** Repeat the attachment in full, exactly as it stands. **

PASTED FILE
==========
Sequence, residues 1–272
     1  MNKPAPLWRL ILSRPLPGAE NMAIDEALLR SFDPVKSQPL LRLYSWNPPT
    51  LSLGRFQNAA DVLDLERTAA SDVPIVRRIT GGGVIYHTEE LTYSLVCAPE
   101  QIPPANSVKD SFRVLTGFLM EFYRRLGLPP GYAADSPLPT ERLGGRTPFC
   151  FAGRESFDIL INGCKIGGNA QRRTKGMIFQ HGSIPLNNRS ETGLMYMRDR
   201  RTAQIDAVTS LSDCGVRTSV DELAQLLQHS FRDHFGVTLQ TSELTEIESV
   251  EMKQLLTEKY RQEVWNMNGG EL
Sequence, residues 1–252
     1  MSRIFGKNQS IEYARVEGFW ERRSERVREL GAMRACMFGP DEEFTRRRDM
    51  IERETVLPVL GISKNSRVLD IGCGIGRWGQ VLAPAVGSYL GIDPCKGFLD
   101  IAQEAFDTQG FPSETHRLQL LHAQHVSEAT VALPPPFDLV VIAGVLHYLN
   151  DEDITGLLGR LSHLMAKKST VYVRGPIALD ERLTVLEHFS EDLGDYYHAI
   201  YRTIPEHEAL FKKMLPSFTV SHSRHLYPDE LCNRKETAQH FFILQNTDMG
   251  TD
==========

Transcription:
Sequence, residues 1–272
     1  MNKPAPLWRL ILSRPLPGAE NMAIDEALLR SFDPVKSQPL LRLYSWNPPT
    51  LSLGRFQNAA DVLDLERTAA SDVPIVRRIT GGGVIYHTEE LTYSLVCAPE
   101  QIPPANSVKD SFRVLTGFLM EFYRRLGLPP GYAADSPLPT ERLGGRTPFC
   151  FAGRESFDIL INGCKIGGNA QRRTKGMIFQ HGSIPLNNRS ETGLMYMRDR
   201  RTAQIDAVTS LSDCGVRTSV DELAQLLQHS FRDHFGVTLQ TSELTEIESV
   251  EMKQLLTEKY RQEVWNMNGG EL
Sequence, residues 1–252
     1  MSRIFGKNQS IEYARVEGFW ERRSERVREL GAMRACMFGP DEEFTRRRDM
    51  IERETVLPVL GISKNSRVLD IGCGIGRWGQ VLAPAVGSYL GIDPCKGFLD
   101  IAQEAFDTQG FPSETHRLQL LHAQHVSEAT VALPPPFDLV VIAGVLHYLN
   151  DEDITGLLGR LSHLMAKKST VYVRGPIALD ERLTVLEHFS EDLGDYYHAI
   201  YRTIPEHEAL FKKMLPSFTV SHSRHLYPDE LCNRKETAQH FFILQNTDMG
   251  TD